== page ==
Tteokguk (Korean Rice Cake Soup)

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Note to self: With the upcoming New Year I decided to make Tteokguk, a Korean rice cake soup that’s traditionally eaten on Seollal, the Korean new year. It lands on the first day of the Lunar calendar and it usually coincides with the Chinese new year. I never tried it or heard of it until Moudi introduced me to it. We came across this recipe on while we were browsing food recipes and looking up YouTube videos. He had mentioned how delicious it is and how he hasn’t had it in years so I decided to try and make it for him. The story behind it is that “the whiteness of the soup symbolizes a clean, fresh start to the new year, and the disc-shaped rice cakes look like coins, so they symbolize a wish for upcoming prosperity for anyone who eats them.” It’s kind of sweet and fun right?!

It’s a really simple and easy dish to make and you can make it under 30 minutes. The broth is the most important part of the soup. You have to take care that it remains clear and doesn’t cloud up. The secret to it is not to stir the meat when you put it into the boiling water right away and to periodically clean the edges of the pot. The broth is rich and flavorful and the addition of gim (seaweed) brings it that ocean depth of flavor. Another important aspect is the rice cakes. You can try and make them yourselves, the recipe can be found on the same site,, but I prefer to just buy them from Amazon. It’s easier and convenient, though one day perhaps I’ll give it a shot and try and attempt to make it from scratch. These are the rice cakes I bought from Amazon and they worked perfectly.

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Sekero rice cake,Korean rice cake, Rice Ovaletts, 24oz/pk (Pack of 1)

And this is the seaweed I got on Amazon (gim and nori are the same thing except that gim (the korean version) is seasoned with oil, salt and toasted. I used this version and it turned out fine but you can also buy gim in the store. They come in little packets as a seaweed snack which will probably bring more flavor into the dish.

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Sound Sea Vegetables Organic Toasted Sushi Nori, 7 Sheets, 0.55 Ounce

This is a definite must try …Moudi loved it, put it in the holy grail category and then proceeded to buy more rice cakes on Amazon lol. I suspect that I shall be making this again quite soon. 😉


  • 1 lb sliced tteok rice cakes soaked in cold water for 30 min and drained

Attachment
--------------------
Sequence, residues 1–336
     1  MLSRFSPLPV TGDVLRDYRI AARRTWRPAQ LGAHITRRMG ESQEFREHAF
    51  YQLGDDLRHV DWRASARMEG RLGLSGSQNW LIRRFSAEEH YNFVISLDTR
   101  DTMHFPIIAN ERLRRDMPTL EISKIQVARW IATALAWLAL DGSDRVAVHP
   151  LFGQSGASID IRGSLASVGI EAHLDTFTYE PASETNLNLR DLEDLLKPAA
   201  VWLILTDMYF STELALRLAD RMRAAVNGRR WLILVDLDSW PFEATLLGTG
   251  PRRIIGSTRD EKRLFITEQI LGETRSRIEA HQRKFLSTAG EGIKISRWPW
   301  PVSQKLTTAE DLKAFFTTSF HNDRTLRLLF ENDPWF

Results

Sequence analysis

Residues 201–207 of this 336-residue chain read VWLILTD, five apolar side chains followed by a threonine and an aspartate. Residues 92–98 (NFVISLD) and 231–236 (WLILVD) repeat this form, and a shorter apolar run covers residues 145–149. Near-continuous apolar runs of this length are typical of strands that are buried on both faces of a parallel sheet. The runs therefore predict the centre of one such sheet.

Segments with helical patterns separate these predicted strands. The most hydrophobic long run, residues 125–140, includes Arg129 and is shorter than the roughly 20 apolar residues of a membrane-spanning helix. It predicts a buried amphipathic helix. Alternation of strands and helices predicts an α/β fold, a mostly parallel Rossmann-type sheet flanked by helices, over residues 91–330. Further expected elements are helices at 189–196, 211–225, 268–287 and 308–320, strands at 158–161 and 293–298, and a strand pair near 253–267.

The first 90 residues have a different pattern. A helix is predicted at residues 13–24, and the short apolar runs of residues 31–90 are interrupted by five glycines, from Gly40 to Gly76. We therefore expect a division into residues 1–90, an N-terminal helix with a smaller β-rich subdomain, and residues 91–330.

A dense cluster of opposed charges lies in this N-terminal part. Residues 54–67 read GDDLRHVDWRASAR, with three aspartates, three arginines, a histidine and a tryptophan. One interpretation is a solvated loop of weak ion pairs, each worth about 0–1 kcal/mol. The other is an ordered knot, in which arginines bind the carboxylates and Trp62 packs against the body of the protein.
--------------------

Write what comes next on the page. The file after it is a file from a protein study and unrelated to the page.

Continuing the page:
• 7 cups water
  • ½ lb beef (flank steak, shank or brisket), chopped into small pieces
  • 3 tsp minced garlic cloves
  • 2 teaspoons vegetable oil
  • 2 eggs (egg yolks and egg whites separated)
  • 1 tbsp fish sauce
  • 1 tsp sesame oil
  • ½ teaspoon ground black pepper
  • 1 sheet of kim (black seaweed paper)
  • 1 serrano or thai chili pepper (optional), chopped
  • ½ tsp black pepper
  • 1 tsp salt


  1. In a large bowl add 1 lb of rice cakes and cover with water. Soak for 30 minutes.
  2. Put 7 cups of water and 1 tbsp of fish sauce in a heavy pot, cover, and bring it to a boil over high heat.
  3. Add 1 lb of shank and 3 tsp garlic  to the water, cover, lower the heat to medium and cook for 20 to 25 minutes.
  4. Roast both sides of a sheet of gim over a low flame until it’s bright green and very crispy. Put it in a plastic bag and crush it by hand. Set aside.
  5. Separate the egg yolks from the whites of two eggs and place into two separate bowls.
  6. Add pinch of salt to each and mix with a fork.
  7. Add 2 tsp of vegetable oil to a heated non-stick pan. Swirl the oil around so it covers the pan, and then wipe off the excess with a kitchen towel, leaving a thin layer on the pan.
  8. Pour the egg yolk mixture into the pan and spread thin into an even layer. Let it cook on the hot pan, remove and let it cool. Slice it into thin strips and set it aside.
  9. Add the rice cakes to the boiling soup along with 1 tsp salt, ½ tsp black pepper, and 1 tsp sesame oil. Stir, cover and let it cook for about 7 minutes or until all the rice cakes are floating.
  10. Pour the egg whites into the pot and let it sit for a minute before stirring and breaking apart.
  11. Ladle the rice cake soup into bowls. Garnish with yellow egg strips, crushed seaweed, and thinly sliced serrano peppers.

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Original recipe adapted from:

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